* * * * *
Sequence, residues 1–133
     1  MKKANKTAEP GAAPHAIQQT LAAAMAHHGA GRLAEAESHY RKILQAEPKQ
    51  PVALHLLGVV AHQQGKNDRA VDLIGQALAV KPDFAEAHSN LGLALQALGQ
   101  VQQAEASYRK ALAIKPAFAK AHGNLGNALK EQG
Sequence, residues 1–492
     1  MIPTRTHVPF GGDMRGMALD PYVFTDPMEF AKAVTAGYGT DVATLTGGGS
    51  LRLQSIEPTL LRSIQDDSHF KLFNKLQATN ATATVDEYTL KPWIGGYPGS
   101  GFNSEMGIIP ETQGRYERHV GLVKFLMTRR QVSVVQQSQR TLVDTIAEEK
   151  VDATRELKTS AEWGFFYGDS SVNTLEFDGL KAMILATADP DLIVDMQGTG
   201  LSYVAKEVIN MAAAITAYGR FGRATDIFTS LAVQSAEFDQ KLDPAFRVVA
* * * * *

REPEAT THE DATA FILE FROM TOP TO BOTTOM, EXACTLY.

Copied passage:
Sequence, residues 1–133
     1  MKKANKTAEP GAAPHAIQQT LAAAMAHHGA GRLAEAESHY RKILQAEPKQ
    51  PVALHLLGVV AHQQGKNDRA VDLIGQALAV KPDFAEAHSN LGLALQALGQ
   101  VQQAEASYRK ALAIKPAFAK AHGNLGNALK EQG
Sequence, residues 1–492
     1  MIPTRTHVPF GGDMRGMALD PYVFTDPMEF AKAVTAGYGT DVATLTGGGS
    51  LRLQSIEPTL LRSIQDDSHF KLFNKLQATN ATATVDEYTL KPWIGGYPGS
   101  GFNSEMGIIP ETQGRYERHV GLVKFLMTRR QVSVVQQSQR TLVDTIAEEK
   151  VDATRELKTS AEWGFFYGDS SVNTLEFDGL KAMILATADP DLIVDMQGTG
   201  LSYVAKEVIN MAAAITAYGR FGRATDIFTS LAVQSAEFDQ KLDPAFRVVA